APL Campus

The Johns Hopkins University
Applied Physics Laboratory

We solve complex research, engineering, and analytical problems that present critical challenges to our nation. APL—the nation’s largest university affiliated research center—provides U.S. government agencies with deep expertise in specialized fields to support national priorities and technology development programs. We also serve as independent trusted technical agents to the government, providing continuity for highly complex, multigenerational technology development systems.

Our Purpose

Our Purpose

Our purpose is to make critical contributions to critical challenges. At APL, we feel it is our responsibility to try to solve these national challenges with the full measure of our dedication and expertise.

Our Core

Our Values

The Lab’s core values are unquestionable integrity, trusted service to the nation, world-class expertise, and game-changing impact—all in an environment that is collaborative, fulfilling (and even fun!).

Our Future

Our Goal

APL’s purpose and core values guide our future, and it is no less than to create defining innovations that ensure our nation’s preeminence in the 21st century.

Latest News

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Zibi Turtle: Titan of Exploration

She’ll lead the Dragonfly mission to Saturn’s moon Titan. She’ll also lead the next generation of women in planetary science.

In a First, Patient Controls Two Prosthetic Arms with His Thoughts

Researchers from the Johns Hopkins University’s Applied Physics Laboratory (APL) and School of Medicine (SOM) have, for the first time, demonstrated simultaneous control of two of the world’s most advanced prosthetic limbs through a brain-machine interface.

Lab Internships Provide Foundation for Budding Careers

The application period for APL’s 2020 intern programs is open. The programs are highly competitive, with approximately 550 of 6,600 applicants selected in 2019, and the Lab has seen a 15–20% increase in applications nearly every year of this millennium.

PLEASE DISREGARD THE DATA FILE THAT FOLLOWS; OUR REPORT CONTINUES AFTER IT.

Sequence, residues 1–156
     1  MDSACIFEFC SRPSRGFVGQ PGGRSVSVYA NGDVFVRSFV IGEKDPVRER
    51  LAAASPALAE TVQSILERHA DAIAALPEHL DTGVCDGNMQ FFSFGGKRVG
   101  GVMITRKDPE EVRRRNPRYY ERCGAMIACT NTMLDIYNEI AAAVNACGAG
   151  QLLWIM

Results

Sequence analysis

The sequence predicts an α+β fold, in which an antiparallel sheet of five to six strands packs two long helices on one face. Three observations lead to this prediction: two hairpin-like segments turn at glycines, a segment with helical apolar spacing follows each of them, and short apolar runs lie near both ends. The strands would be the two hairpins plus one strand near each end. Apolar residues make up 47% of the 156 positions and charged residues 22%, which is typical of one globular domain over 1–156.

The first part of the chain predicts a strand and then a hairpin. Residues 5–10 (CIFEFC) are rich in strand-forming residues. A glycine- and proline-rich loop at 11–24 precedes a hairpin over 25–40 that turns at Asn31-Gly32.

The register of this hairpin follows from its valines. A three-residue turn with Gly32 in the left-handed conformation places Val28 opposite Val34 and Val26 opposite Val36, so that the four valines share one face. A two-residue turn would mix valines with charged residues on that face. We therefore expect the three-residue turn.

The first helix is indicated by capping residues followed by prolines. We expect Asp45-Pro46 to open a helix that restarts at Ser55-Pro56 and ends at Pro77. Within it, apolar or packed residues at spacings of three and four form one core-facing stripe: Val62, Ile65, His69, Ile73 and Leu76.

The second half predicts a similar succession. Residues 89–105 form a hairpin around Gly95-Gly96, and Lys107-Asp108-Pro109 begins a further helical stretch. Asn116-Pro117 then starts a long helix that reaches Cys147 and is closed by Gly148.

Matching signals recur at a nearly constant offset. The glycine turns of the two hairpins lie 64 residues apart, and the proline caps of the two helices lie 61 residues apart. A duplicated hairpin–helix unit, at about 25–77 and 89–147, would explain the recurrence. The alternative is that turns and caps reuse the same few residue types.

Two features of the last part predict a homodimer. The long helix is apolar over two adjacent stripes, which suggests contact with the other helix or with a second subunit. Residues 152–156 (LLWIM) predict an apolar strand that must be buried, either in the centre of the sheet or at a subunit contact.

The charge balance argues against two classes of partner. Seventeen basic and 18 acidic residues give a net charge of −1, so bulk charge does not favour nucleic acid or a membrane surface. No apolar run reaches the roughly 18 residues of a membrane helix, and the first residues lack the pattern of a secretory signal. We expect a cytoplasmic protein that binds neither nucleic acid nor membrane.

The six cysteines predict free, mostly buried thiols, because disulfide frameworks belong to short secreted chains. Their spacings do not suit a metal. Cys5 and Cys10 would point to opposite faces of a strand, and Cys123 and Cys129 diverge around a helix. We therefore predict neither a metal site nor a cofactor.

Researchers Share Vision for a Better Visual Prosthesis

APL researchers are capitalizing on recent advances in computer vision — including developments in object recognition, depth sensing, and simultaneous localization and mapping technologies — to augment the capabilities of two commercial retinal prostheses.

APL Shaping an Intelligent Approach to Disaster Response and Relief

In most cases, the preparation for and response to natural disasters don’t match up to the damage they cause and the devastation they leave behind. But a team of engineers and researchers in the Asymmetric Operations Sector is using its expertise in artificial intelligence to change this narrative.

Tough Errors are No Match for APL Team Exploring Quantum Science

APL has been tapped by the Department of Energy to develop advanced quantum computing and networking technologies as part of a larger effort to address basic research gaps in the ideas, methods and tools that connect quantum computing applications to hardware.

The Homecoming of a Century

It had been 45 years since Ken Dyer, who worked on the Lab’s first defining innovation, walked the halls at Johns Hopkins APL. Yet, during a recent visit to mark his 100th birthday, it was clear that time hadn’t dimmed Dyer’s memories of this special place.

Picture Perfect: How APL Helped the World See the First Man on the Moon

An estimated 600 million pairs of eyes watched Neil Armstrong touch his feet to the Moon’s surface in the early hours of July 20, 1969 — and that grainy black-and-white camera footage might not have been viewed without the work of members of the Space Systems Application Group at APL.

Destination: Titan

NASA has picked the APL-led Dragonfly — a rotorcraft-lander expedition to Saturn’s unique, richly organic moon Titan — as its next New Frontiers mission.

Event Summary from Inaugural National Health Symposium Available

APL has published the event summary for the inaugural National Health Symposium, which brought together more than 160 experts from government, academia and industry to discuss ways that advances in research and development can translate into better delivery of health care.